by Barry Newton
“Don’t bother me with where the evidence points, I know what I believe.” Do people make such statements? I don’t know.
However, the lives of scientists as well as religious leaders reveal that agendas and deeply rooted assumptions can be so powerful, they can cause a person to overlook the obvious. People will scramble to justify their denial of what is evident.
In the latest issue of Scientific American, an astrophysicist explains how astronomers have classified our Milky Way as a green galaxy with a supermassive black hole. Amazingly, these characteristics appear to provide the best conditions for life on our little planet.
As if subconsciously cued, he muses, “Scientists and philosophers sometimes discuss … the awkward question of whether or not our universe is somehow just right for life to occur.” (Aug. 2012): 37.
We knew already that our earth, our solar system, and even the fundamental physical laws were fine-tuned for life. To this list we can now add a galaxy that is just right.
What the astrophysicist fails to mention is that this merely adds another layer to the already absurd improbability that all of these conditions are the result of mere naturalistic causes. If everything appears fine-tuned, perhaps this is because there is a Fine Tuner who is concerned about life on earth!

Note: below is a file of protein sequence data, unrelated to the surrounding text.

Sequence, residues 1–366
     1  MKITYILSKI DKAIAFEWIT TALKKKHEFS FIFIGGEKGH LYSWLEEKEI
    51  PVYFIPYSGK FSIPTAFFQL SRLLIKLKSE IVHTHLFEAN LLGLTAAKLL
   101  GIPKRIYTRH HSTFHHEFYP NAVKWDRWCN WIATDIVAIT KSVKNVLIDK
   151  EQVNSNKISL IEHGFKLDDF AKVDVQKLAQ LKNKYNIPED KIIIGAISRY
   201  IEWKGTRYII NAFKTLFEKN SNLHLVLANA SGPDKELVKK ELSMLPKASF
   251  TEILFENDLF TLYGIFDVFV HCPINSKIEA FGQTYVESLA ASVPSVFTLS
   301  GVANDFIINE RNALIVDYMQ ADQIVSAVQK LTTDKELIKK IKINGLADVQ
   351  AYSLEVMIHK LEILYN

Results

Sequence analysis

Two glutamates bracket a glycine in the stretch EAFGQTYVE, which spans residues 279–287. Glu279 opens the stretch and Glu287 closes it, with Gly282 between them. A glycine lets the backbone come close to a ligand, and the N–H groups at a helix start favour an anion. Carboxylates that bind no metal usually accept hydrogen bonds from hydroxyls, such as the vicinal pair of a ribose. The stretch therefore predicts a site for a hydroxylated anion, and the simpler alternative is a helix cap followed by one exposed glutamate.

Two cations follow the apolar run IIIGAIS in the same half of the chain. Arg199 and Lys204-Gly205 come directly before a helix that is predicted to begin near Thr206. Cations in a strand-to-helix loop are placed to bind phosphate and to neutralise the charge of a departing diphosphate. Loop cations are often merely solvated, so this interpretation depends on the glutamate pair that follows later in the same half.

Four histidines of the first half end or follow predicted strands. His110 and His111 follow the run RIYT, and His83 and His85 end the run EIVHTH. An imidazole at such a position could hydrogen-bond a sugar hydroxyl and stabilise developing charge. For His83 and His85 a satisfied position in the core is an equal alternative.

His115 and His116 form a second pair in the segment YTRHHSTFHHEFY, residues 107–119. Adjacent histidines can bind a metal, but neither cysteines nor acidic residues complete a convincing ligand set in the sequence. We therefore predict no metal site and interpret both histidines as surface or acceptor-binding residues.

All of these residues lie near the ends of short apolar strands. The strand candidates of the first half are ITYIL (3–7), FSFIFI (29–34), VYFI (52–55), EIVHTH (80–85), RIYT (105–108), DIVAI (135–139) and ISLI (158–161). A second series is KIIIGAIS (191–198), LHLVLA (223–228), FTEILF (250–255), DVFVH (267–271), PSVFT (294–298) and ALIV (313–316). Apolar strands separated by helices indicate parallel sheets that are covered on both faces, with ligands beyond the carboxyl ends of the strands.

What is his response to awkward evidence?
“We are determined to try to overcome any prejudice that we are ‘special’ in any way. … One possible solution to the discomfort of assigning ourselves a special status hinges on a conceptual and physical picture of nature that allows for multiple realities or multiple universes.”
That’s right. If the hard evidence starts pointing too strongly in favor of the undesirable conclusion that we are not merely accidental byproducts of nature, bury the evidence under a speculative mountain of theoretical conjecture beyond the possibility of being scientifically falsified.
Nothing here should surprise the Bible student. Faced with the reality that Jesus had raised Lazarus from the dead, the chief priests and the Pharisees “planned together to kill him” (John 11:53). If you don’t like where the hard evidence is pointing, just get rid of it!
While evidence is important, what makes the difference in our lives is whether we are willing to follow where it leads. We live in a green galaxy. Not only did Jesus raise Lazarus from the dead, but Jesus’ tomb is itself empty.
What is the reasonable conclusion? Who or what are you following?
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